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She has gone to two eye doctors who have told her to stop driving. She is planning to take her driver’s test on her birthday, in March. She lives 1.5 hours from the nearest DMV.

Interesting this topic came up. Today an 87yr old man is dead after driving the wrong way on an Akron Oh highway, hitting an 18 wheeler head on
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I had the same problem with my husband ( 76 years, Frontotemporal dementia ) Like many of the cases here, he absolutely refused to stop driving, even though he came to the moment when did not know how to get to the local store., without me seating next to him and directing where to go. But he is great to excuse himself.and thought that there is nothing to worry about.. After he get lost a few times, and I was not able to locate him, and redirect him home.. I asked a friend to disable his car. ( untouched the battery cable, ) Now my husband thinks that his car does not work... and is constantly "planning " to find someone to repair it. Meanwhile I took the car key ( he thinks that he had lost them again ) and now he does not get angry at me any more. I hope he get used to be a passenger :-))
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So glad you have taken the car, Sunflower! Not easy, but you are definitely to be commended! Peace and courage to you, dear one!
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After removing mom's lifeline--the car--install and UBER app on her phone. Teach her, (good luck!) how to use it. Even my spacey mom could use one, although she never has and never will (she LOVES being ferried everywhere).

So--sadly, losing that "freedom" but offer her a secondary one.

Also, perhaps someone you can hire for just this purpose and perhaps some errand running along with it? I'd go with any agency, for safety's sake!! Set up some specific days. You can't just yank her keys and say "Sorry mom" and walk away (The way my brother handled it).

My mother's car had not a single quarter panel nor fender that wasn't 90% ruined from constant "bumping" things.

Thank goodness it was never a person.
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This issue comes up often on AC, and thankfully there are plenty of suggestions and support for family members who know the elder shouldn't be driving. These always remind me of an recent incident in my county.

An elder who was blind in one eye and had glaucoma (or cataract) in the other and couldn't see. She knew she shouldn't be driving and so did her family members. She finally agreed to stop driving after she killed a girl in a crosswalk. (She also went to jail for two years.)

I have no doubt it's hard for family members to force the issue, and I'm sorry for the struggle. There's just too much as stake to hesitate. Good luck.
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Sunflower64 Feb 20, 2019
Hello! Thanks for your response! I just needed some advise since this is the first time I’ve been in this position! Actually, I went to visit my Mom and asked to “borrow” her car. Now, I have her car at my house (500 miles away!). She has been calling me non-stop to ask when I’m bringing it back. For now, it’s parked, safely, in my garage. She was planning on driving 2.5 hours to the DMV to get her license renewed having JUST had two doctors tell her her vision was to BAD to drive, anymore! :-( sometimes, tough love is all that works!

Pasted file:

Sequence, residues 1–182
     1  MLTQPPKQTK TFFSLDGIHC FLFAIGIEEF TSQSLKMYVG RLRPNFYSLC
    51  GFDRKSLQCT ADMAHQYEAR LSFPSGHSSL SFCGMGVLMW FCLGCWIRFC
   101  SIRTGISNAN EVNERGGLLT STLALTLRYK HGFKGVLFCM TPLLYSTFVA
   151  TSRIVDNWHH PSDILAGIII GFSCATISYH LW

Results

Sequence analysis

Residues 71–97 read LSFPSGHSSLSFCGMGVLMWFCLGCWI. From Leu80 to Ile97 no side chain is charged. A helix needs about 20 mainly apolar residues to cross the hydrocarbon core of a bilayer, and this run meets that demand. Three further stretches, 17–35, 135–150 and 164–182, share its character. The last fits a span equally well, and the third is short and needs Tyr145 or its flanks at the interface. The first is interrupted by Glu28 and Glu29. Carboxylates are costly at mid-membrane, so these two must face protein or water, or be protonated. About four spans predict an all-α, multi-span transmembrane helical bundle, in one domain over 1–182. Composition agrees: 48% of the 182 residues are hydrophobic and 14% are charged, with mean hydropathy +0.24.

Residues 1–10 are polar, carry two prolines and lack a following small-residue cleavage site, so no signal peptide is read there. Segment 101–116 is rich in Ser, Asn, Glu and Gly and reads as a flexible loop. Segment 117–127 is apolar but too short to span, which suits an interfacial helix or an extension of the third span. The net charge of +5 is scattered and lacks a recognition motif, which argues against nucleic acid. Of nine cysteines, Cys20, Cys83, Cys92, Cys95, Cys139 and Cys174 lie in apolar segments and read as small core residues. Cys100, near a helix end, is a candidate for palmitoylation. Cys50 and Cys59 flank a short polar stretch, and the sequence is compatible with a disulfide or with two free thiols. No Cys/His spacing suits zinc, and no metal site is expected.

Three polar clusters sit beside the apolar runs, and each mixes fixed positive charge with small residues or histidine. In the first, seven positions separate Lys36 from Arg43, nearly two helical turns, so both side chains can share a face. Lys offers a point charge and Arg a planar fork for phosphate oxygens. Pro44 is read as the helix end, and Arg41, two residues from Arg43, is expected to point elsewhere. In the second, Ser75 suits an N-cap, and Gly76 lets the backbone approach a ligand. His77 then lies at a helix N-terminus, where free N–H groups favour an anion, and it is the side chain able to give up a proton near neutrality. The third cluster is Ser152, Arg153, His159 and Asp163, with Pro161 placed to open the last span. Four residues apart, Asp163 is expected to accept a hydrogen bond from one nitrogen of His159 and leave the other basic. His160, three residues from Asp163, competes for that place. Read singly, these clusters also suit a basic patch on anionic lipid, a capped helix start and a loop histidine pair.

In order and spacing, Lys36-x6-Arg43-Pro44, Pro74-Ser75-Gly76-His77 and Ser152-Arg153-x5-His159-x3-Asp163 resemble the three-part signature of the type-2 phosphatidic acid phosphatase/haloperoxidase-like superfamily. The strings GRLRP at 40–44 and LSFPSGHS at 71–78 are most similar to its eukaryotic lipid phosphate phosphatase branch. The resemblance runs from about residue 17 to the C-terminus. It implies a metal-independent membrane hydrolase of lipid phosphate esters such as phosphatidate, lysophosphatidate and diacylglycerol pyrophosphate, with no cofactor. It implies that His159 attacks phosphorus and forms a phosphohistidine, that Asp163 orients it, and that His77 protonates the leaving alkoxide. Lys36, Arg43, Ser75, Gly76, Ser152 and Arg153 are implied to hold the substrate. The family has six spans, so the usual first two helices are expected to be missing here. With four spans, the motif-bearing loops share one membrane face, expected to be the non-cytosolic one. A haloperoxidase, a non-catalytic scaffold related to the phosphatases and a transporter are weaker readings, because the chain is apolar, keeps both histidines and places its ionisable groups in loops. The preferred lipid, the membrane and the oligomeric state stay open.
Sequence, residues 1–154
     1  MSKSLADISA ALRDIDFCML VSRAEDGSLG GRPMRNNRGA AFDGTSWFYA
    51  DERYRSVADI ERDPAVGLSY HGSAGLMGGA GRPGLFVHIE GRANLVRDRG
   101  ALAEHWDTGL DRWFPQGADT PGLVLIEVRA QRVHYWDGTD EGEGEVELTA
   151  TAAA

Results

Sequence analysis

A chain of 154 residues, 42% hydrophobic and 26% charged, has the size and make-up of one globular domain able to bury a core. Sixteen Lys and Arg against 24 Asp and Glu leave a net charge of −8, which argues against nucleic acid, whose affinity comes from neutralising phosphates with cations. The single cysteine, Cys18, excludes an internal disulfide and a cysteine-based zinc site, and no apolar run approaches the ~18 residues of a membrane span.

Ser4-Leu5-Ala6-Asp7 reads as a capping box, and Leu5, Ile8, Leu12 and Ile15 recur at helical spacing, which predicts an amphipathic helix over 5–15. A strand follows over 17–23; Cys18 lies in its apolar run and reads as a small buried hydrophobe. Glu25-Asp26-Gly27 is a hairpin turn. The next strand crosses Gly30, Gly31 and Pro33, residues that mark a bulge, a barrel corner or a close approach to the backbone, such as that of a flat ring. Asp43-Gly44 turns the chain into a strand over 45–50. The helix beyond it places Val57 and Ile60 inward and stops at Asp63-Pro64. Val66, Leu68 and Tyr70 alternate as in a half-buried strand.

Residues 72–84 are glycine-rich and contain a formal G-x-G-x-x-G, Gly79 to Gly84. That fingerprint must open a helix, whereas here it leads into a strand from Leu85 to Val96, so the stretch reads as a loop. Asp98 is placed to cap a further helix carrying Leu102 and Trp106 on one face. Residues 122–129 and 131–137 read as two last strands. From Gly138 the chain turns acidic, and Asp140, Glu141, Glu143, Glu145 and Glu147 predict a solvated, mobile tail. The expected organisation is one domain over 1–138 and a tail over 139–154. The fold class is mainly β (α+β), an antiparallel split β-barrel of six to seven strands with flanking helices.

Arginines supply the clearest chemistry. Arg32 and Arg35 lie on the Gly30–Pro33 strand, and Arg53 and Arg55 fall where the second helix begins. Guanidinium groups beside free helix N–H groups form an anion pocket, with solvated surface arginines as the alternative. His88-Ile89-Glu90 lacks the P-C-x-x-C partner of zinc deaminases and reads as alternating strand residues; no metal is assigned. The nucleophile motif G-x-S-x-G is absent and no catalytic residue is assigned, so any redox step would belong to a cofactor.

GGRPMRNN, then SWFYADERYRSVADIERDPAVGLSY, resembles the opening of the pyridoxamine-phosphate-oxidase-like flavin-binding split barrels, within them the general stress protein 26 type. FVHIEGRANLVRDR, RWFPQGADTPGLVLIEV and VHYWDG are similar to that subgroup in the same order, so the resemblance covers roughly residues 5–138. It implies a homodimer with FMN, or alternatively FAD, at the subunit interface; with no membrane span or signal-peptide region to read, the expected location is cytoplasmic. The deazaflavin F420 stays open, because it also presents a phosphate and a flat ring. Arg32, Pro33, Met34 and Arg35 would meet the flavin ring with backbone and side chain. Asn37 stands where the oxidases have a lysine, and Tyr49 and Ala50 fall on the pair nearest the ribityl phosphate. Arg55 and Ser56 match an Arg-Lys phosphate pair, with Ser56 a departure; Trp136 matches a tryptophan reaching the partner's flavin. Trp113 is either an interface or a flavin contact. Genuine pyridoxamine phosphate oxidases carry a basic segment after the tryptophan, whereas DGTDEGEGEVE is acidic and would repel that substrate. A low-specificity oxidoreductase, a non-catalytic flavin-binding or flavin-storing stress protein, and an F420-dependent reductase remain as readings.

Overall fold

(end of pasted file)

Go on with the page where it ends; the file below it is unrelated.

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Lots of good advice for one of the most difficult and most frequent caregiving issues.

As well as choosing one or methods to part her from her car, do give thought to how she's going to get about without one. Cabs, buses, helpful neighbours, Uber, family rota, unicycle? It's fear of being stuck for transport that makes many people keep driving when they really oughtn't to be behind the wheel.
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shad250 Feb 27, 2019
Which is why so many move to or near a major city while they are young.
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I have 2 grandmothers still living, with such different attitudes to driving. One, in her 90s, backed out of her spot in her condo parking garage and ever so slightly grazed her back bumper on a pillar. That's it, no more driving, she declared! Taxis from now on. She still has the same taxi driver she calls for everything, bridge games, visits, GP, etc., she's 103.
The other one: not so much. She hit so many parked cars while driving her usual catpaths around the shops (but there isn't usually a car parked there, it wasnt my fault) amd one time in her own driveway she got the gas and brakes mixed up and, for some reason turned a HARD LEFT in the straight driveway and gunned the gas pedal and drove so hard over a massive snowbank that all four wheels were in the air and the car was suspended on its middle! Fortunately she was able to get out. None of us could budge the car, we had to call a tow truck. She kept saying she couldn't think how it had happened. The car must have gone out of control! My uncle "borrowed" her car while his was in the shop after this, and just never gave it back.

Sorry I have no helpful advice! Just 2 funny stories.
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Sunflower64 Feb 20, 2019
Thank you for your “funny” stories! I’m glad, both, are OK! My Mom is proud that she has NEVER had an accident her entire life but we told her - let’s not have your FIRST by continuing to drive when you CAN’T SEE!! LOL If you read the comment above - I’ve taken care of my “problem”, temporarily! :-)